September is known to be a rough month for the market. But in 2018, it could evolve into what may become known as the “Year the Trade Wars Exploded.”
New trade tensions stem from POTUS supporting new tariffs on $200 billion in Chinese imports. An already weary market is starting to show increased concern.
That new concern is coming in the form of increased volatility according to a recent Forbes report (emphasis ours):
In fact, volatility swung higher to start the new month, with the Cboe Volatility Index jumping 3% to slightly above 13. To put things in perspective, that’s still below the long-term average for VIX, but it does seem odd to have the VIX well above year-ago levels near 10 even as the major indices trade near all-time highs.
The Forbes report also highlighted a 1.5% drop in emerging market stocks. The recent currency and trade problems in Turkey aren’t helping that situation.
The DJIA also appears to be struggling after last week’s announcement by POTUS, dipping 1% since, and failing to recover all week.
The global trade war that has been brewing since 2015 entered a dangerous new phase in China, and it’s far from over.
And it’s China that may add a new wrinkle to the trade war picture. One reason being they have a “nuclear option” in the form of controlling rare earths.
These materials help create U.S. technology products like smart phones. If China retaliates again, the bigger U.S. companies may suffer from increased hardware costs.
This “nuclear option” could work in tandem with these new tariffs to cause big trouble.
China Trade War Tensions May Take a Bite Out of Apple
The resulting “shockwave” from these new Chinese tariffs could even affect the global FAANG companies, starting with Apple.
In fact, Apple already lost 25% of share value back in 2015 – 16 when China’s economy had trouble.
Apple took one of the largest hits in the market when China’s markets wobbled in 2015 into 2016, with shares losing a quarter of their value as uncertainty about Chinese consumption curbed Asian demand for iPhones.
Since Apple produces other hardware products like iPhones, further damage to their share price may be expected should China use its “ace in the hole.”
And it’s not just Apple – other companies in the group also rely on these gadgets and other hardware to operate. For example, Amazon provides cloud computing services.
So if repair and replacement costs for computer hardware started rising dramatically, the ripple effect could seriously dampen profitability at Amazon and even the rest of the FAANG group.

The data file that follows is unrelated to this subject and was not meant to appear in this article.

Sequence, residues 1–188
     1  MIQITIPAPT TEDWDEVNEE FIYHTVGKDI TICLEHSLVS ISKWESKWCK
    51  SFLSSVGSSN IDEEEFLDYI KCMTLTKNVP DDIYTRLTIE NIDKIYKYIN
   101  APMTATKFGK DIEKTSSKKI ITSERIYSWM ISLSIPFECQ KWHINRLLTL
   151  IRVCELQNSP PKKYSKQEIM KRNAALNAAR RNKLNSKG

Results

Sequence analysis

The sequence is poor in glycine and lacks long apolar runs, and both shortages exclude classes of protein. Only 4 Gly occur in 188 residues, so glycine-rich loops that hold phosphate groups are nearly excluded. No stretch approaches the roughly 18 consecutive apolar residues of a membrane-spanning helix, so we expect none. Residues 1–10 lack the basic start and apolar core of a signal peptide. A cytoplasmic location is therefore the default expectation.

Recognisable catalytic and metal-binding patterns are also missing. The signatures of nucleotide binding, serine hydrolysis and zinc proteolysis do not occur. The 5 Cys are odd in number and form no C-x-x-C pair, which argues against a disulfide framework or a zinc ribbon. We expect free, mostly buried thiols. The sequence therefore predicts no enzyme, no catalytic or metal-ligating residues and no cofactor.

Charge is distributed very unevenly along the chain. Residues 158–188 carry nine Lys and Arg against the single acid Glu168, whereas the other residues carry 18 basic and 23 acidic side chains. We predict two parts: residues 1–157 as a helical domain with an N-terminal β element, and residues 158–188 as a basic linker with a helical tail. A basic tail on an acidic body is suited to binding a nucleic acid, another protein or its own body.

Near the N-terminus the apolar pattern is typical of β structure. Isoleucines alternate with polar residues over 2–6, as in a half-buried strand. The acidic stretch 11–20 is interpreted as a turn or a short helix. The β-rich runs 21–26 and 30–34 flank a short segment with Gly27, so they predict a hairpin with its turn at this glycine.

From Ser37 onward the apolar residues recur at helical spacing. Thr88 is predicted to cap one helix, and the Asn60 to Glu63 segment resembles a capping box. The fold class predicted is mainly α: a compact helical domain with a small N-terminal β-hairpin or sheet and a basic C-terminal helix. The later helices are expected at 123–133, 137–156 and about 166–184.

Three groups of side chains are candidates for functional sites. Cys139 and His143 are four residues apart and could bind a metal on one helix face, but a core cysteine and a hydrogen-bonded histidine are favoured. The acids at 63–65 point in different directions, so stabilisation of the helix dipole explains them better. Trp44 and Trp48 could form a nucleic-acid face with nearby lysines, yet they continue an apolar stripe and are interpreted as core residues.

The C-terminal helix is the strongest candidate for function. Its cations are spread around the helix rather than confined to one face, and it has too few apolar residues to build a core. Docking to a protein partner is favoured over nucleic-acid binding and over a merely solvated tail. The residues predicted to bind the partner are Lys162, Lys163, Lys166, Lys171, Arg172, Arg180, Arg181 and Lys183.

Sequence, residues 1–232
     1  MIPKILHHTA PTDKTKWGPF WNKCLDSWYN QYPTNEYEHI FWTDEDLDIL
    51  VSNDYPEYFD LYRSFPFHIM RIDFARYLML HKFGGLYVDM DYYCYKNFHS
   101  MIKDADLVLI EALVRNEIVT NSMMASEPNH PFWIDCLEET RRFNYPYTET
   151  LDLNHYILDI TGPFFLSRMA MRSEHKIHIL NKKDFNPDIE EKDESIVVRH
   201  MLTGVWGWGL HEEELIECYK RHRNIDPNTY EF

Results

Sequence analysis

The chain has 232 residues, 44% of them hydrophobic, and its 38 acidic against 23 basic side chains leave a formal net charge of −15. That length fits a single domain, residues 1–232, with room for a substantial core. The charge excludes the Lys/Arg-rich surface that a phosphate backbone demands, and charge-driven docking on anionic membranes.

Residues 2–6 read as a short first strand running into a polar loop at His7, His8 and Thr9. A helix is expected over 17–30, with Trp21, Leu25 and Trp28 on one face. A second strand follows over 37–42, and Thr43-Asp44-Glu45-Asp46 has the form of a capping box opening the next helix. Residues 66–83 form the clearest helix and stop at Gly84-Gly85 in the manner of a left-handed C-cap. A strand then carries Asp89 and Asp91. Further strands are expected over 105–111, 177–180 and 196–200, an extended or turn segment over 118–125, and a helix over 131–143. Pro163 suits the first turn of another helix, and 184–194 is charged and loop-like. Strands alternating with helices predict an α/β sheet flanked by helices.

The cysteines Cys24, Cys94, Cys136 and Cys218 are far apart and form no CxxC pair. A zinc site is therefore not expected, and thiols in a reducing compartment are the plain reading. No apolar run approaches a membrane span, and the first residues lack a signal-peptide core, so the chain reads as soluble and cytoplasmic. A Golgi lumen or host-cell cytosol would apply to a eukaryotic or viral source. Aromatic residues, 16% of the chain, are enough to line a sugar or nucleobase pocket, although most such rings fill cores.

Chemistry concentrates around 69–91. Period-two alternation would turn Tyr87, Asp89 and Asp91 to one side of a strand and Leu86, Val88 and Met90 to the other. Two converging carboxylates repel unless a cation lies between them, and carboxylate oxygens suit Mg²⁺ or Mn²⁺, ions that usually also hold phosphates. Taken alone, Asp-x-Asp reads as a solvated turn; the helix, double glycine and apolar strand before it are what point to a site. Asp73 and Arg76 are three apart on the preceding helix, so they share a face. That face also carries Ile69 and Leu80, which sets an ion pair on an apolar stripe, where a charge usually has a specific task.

Not to mention indirect effects that are already occurring, report sellers on Amazon forums. The impact is weighing on seller profits in the form of returned product due to trouble in customs, likely caused by these new tariffs.
These impacts may escalate even further if China gets fed up with U.S. protectionism. That could affect share prices, and increase market concerns.
To top it all off, according to CNBC, four out of the five FAANG company stocks were down last week, partly because of these new tensions.
So September is already off to a rough start, which is par for the course. But these new trade war developments aren’t helping.
Don’t Let Protectionist Policy “Backfire” on Your Portfolio
Protectionist monetary policies like trade tariffs are more of a “band aid” than a long-term solution for trade deficit and other economic woes.
They usually end up harming consumers in the form of higher prices and production shortages. As the economy shrinks, and workers get pulled from other sectors, monetary policies like these can backfire.
Then, corporations can end up in a situation where they have to take a hard look at their bottom line. It’s a sure bet they will err on the side of profit, and not the consumer.
So don’t let volatile protectionist policy “backfire” on your portfolio. Consider adding some stability in the form of physical precious metals while there is still time.
Peter Reagan is a financial market strategist at Birch Gold Group. As the Precious Metal IRA Specialists, Birch Gold helps Americans protect their retirement savings with physical gold and silver.
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